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With cyberattacks on the rise, security investments are more important than ever. Still, the pandemic has forced many organizations to reconsider how they allocate their IT dollars. Between the new work-from-home paradigm and the increasingly global nature of many modern workplaces, CIOs have had to accelerate investments in cloud solutions and remote technology.
But as a security leader, you need to find ways to secure your share of these dollars so that you can support this new normal and protect your organization’s rapidly expanding digital ecosystem.
To be successful, you must demonstrate how cybersecurity funding can support today’s business goals and have data-driven conversations with executives and board members that bridge the gap between your organization’s business and security interests.
Let’s look at four ways you can do that.
1. Prioritize spending to high-risk areas
If you observe how the different functional heads of your organization determine their budgets, you’ll see that they typically invest in areas where the greatest need exists. For example, to grow the business, your CMO may prioritize lead generation. Meanwhile, the organization’s chief legal officer might invest in automation tools that free legal teams from repetitive, time-consuming tasks.
Prioritizing security spending should be no different. It’s critical that you focus security resources where they are needed most. But that’s no easy task. As the number of digital touchpoints employees interact with on a day-to-day basis grows, so does the attack surface. This puts tremendous pressure on you because it’s hard to get a handle on the risk hidden across digital assets on-premises, in the cloud, and across geographies, subsidiaries, and a remote workforce. After all, you can’t secure what you can’t see.
Consider the high-profile Capital One data breach. The hack occurred when a bad actor exploited a misconfigured web firewall in the bank’s Amazon Web Service (AWS) cloud service. Unfortunately, misconfigurations like these are commonplace, but they are invisible to your security team and put your organization at risk.
That’s why BitSight developed Attack Surface Analytics.
With Attack Surface Analytics, you can achieve unprecedented visibility into the location of your organization’s digital assets – on-premises, in the cloud, by geography and business unit, even across remote environments – and the corresponding cyber risk associated with each.
Uniquely, Attack Surface Analytics also allows you to visualize areas of high or disproportionate risk. With this insight, you can identify where cyber risk reduction programs are most needed and make a compelling case for those investments. Then, through continuous analysis, you can show the impact of increased cybersecurity funding on security performance.
2. Justify cybersecurity funding with risk-based metrics
Too often, security professionals provide senior leadership with metrics that don’t correlate with business outcomes. For instance, executives and board members may not know what it means if you present them with a report that states: “The SIEM captured data about 12,000 antivirus events and 400 failed logins in the past quarter.” Instead, it’s more effective to say: “Last quarter, our security program successfully blocked thousands of viruses and unauthorized logins that would have resulted in significant business disruption and data loss.”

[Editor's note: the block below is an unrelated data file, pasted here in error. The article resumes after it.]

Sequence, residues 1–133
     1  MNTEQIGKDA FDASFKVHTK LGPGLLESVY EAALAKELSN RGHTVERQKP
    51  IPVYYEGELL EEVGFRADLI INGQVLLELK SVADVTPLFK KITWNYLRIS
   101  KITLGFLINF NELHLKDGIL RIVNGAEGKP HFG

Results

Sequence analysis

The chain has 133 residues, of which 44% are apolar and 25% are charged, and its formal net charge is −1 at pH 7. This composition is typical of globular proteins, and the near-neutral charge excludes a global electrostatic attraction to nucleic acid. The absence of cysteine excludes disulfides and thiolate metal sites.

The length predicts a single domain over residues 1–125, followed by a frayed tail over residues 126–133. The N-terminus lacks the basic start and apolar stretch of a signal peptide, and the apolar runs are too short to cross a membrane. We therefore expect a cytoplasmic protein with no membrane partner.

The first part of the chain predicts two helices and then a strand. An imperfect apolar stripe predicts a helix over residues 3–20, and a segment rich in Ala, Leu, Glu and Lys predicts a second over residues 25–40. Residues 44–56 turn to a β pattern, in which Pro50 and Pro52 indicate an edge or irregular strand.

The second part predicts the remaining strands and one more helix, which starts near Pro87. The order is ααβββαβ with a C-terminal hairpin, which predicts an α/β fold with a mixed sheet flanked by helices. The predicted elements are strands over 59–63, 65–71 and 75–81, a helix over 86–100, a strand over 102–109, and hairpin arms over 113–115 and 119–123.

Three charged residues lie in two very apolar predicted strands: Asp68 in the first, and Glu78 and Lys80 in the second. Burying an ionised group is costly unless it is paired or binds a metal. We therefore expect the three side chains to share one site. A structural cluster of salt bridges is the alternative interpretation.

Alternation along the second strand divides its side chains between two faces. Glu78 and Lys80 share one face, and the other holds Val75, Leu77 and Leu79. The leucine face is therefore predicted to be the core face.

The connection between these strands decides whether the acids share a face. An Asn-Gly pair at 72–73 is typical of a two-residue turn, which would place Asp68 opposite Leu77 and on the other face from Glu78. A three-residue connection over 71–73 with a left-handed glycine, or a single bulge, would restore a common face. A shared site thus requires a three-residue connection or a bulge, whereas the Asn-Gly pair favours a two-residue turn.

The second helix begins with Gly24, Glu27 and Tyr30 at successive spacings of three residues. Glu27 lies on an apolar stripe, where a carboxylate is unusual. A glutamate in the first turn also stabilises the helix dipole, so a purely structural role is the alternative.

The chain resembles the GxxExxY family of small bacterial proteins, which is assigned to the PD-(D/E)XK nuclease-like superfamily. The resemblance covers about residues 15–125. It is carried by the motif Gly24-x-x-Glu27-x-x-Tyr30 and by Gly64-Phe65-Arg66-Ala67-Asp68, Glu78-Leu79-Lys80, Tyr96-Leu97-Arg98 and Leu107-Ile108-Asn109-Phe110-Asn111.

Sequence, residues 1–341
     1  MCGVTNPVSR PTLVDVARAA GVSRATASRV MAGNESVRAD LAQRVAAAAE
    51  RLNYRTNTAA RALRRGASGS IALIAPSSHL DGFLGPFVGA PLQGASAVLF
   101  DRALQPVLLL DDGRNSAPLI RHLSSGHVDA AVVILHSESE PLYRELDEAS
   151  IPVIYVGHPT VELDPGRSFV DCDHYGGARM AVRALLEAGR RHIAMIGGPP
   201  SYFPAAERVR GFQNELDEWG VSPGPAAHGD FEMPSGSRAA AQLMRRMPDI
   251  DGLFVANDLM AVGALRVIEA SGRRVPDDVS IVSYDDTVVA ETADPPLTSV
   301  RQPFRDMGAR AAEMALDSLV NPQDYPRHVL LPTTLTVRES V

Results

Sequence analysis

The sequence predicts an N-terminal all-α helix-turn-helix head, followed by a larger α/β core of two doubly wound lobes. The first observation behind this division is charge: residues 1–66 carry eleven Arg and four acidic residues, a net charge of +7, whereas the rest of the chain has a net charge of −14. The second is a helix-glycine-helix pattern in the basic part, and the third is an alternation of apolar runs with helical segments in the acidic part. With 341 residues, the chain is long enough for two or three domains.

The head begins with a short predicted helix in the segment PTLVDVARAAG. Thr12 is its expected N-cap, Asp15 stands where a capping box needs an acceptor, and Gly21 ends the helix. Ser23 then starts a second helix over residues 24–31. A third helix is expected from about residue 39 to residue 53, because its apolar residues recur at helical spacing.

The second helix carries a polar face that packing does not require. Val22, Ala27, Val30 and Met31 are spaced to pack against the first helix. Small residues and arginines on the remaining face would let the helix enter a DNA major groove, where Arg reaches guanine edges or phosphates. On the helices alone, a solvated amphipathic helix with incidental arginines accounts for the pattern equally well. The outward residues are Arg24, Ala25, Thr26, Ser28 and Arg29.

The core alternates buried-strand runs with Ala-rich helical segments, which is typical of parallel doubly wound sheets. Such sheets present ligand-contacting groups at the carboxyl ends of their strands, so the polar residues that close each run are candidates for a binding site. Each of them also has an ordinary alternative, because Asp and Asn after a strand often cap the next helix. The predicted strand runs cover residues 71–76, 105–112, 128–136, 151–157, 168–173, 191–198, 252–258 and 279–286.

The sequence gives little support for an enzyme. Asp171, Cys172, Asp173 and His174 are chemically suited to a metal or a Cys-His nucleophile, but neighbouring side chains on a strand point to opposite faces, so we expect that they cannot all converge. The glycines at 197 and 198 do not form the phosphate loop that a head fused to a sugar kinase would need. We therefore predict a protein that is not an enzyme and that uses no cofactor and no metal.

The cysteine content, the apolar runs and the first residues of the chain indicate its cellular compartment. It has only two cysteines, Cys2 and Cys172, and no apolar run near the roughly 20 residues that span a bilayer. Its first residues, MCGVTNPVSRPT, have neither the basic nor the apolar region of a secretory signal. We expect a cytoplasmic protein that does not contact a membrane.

By sharing metrics that directly relate to positive or negative outcomes, you can report on cyber risk in a language that makes sense to non-technical stakeholders and the board and better drive strategic conversations about cybersecurity investments and ROI.
Of course, some data points are more important than others. Metrics that correlate to the risk of data breaches, like security ratings, are especially effective. With security ratings, you can assess the likelihood of a data breach based on common risk factors such as open ports, misconfigured software, malware infections, exposed credentials, and weak security controls.
3. Financially quantify cyber risk
To further strengthen the case for cybersecurity funding, you can also layer in additional data with cyber risk quantification which can quantify risk in financial terms.
With BitSight Financial Quantification, for instance, you can simulate your company’s financial exposure if it were the victim of ransomware, a denial of service attack, a supply chain attack, and more.
In this way, you can translate the technical side of cybersecurity into terms that executives and board members understand – further supporting your justification for cybersecurity funding. As you invest in the right security controls, you can also show how that exposure lessens over time.
4. Benchmark security performance against your peers
Another way to advocate for more resources is to understand the standards of care that similar organizations maintain. By benchmarking security performance in the context of industry peers, you can better determine the security targets your company should strive for and where its current security program falls short. From there, you can create informed improvement plans, advocate for increased cybersecurity funding, and regularly report on how your program aligns to or exceeds industry security benchmarks.
The bottom line
By prioritizing spending to the highest-risk areas, justifying funding with risk-based cybersecurity metrics, and benchmarking your organization’s performance against its competitors, you can explain the value of continued cybersecurity funding and ensure that digital transformation initiatives are protected and secure.